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A lot goes into selling a home, no matter what you reasons for selling may be. Sometimes, urgent situations prompt homeowners to make quick decisions about the sale of their homes. Other times, homeowners approach the sale process with leisure. Your approach should depend on your situation, and there’s usually a clear path to success for every scenario. Understanding what rights you have under Utah law is key for a seamless sale.


There are a multitude of reasons why you may want to sell, some of which may involve more complicated procedures than others. Sales that are totally voluntary at their core are usually the easiest, but sales that spring from unfortunate scenarios or pressing time constraints to move may be a little trickier.



As far as real estate agents go, it’s worth crunching some numbers. In Utah, the average realtor commission comes in at 5.2%. The most common way to list a home in Utah is through the Realtor’s Multiple Listing Service, which is generally 6% commission.

With the median home value for the entire state of Utah at $229,200, and a median value of $248,500 specific to the Salt Lake City area, homeowners in Utah can expect to hand over between $13,000 and $15,000 in sale proceeds to their real estate agent. For desirable homes, the market is running very smoothly in many parts of Utah – especially close to the Salt Lake City metropolitan area.

If you have a great home that features current design and isn’t in need of any repairs, you can probably sell the home through an agent within 2 months, completing the process in a total of 3 to 4 months when you include closing. Highly desirable homes will sell for full market value, and you’ll get what’s left over after your agent is paid commission.

Sell Through a Realtor
For Sale by Owner


If you know your home will be easy to sell and you want to avoid paying that commission, you can sell your home by-owner. Instead of paying a real estate agent to list, stage, and advertise your home, you’ll do that all on your own.

Well staged homes will generally fetch much more, as buyers are easily able to see themselves in a home that’s made to look welcoming. It may be worthwhile to stage your home. You can hire a professional staging company or paint and decorate on your own to save a few bucks.

You’ll have to pay for listing and advertisement, and you’ll have to perform the actual work of showing the home, but it won’t be nearly as much as realtor commission. You may want to consider springing for a home appraisal to help you price your home.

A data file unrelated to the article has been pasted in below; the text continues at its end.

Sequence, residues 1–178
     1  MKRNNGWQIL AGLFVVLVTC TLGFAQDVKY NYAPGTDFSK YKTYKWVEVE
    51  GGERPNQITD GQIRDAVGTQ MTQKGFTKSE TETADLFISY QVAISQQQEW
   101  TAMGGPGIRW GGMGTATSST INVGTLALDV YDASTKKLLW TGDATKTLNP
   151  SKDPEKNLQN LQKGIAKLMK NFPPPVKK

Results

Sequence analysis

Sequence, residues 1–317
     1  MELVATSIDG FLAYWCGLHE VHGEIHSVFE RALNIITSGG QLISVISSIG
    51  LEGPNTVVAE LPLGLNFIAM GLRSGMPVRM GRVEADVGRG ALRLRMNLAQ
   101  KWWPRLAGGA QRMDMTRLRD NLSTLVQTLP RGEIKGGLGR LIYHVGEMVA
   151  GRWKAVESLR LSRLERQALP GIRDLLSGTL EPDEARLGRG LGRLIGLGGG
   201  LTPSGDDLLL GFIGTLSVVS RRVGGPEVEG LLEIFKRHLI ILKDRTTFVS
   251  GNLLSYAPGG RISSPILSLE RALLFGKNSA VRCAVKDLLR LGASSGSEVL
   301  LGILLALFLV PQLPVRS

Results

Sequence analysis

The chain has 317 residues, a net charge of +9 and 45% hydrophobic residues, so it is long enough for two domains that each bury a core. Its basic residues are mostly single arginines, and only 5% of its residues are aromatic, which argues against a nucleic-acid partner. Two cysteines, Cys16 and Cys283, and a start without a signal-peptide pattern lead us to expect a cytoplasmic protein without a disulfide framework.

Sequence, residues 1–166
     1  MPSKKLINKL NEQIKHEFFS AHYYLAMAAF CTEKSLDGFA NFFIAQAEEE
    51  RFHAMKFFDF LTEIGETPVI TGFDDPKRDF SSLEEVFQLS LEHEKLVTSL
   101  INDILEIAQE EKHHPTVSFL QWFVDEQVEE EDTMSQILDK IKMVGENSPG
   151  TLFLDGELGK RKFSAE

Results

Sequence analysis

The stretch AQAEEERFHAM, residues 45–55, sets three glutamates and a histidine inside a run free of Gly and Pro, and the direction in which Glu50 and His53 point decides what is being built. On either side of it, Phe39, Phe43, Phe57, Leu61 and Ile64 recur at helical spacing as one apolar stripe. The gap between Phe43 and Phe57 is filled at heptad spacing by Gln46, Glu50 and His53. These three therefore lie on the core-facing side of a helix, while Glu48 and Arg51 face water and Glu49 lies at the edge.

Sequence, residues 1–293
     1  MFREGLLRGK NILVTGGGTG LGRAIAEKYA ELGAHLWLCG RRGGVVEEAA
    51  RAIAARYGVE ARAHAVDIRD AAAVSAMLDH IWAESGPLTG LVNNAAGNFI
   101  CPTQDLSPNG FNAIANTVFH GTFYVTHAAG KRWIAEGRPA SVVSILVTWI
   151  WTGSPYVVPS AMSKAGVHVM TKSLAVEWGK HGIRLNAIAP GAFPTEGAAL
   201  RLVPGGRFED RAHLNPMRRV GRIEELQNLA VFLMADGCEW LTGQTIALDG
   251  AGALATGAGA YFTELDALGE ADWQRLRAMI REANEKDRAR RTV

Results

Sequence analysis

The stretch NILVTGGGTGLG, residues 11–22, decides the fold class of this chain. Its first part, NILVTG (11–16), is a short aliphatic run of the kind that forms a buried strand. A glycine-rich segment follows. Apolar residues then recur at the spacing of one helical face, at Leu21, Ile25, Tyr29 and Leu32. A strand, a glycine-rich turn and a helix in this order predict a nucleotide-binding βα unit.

In Utah, this will set you back about $450, but that’s a modest price to pay when you consider how much you’ll save. Homes for sale by owner can take about a year to sell, so this option is great for people who are in no rush. Selling your own by owner can take up to a year, but you won’t have to pay commission. This is a longer process, but if you have the time to wait, it could be worth it.


All of this is great news for sellers with great homes in desirable locations who can afford to wait on a sale to be closed, but not everyone will be in that boat. For homes that are in dire need of renovation or repairs, things may not be so easy.

Out of date or run down homes cannot command full market value, as the majority of buyers are looking for homes that are move-in ready. They don’t want to incur additional expenses having to fix or modify the home.

If you have a large budget to facilitate these repairs and renovations, that’s excellent. If you don’t, you can always sell your home to an investor. Investors buy properties that are in need of work with the intent of completing the work themselves.

Investors will deduct the cost of the work from fair market value of your home, and present that to you as an offer. If you can’t wait or can’t afford it, this is the best way to break even.


Selling to a cash buyer who is willing to purchase the home as-is will always be the fastest method of selling your home. It doesn’t require any work or waiting around on your end. The cash buyer is responsible for repairing the property and making things look nice, so you won’t have to spend any time or money handling things on that end.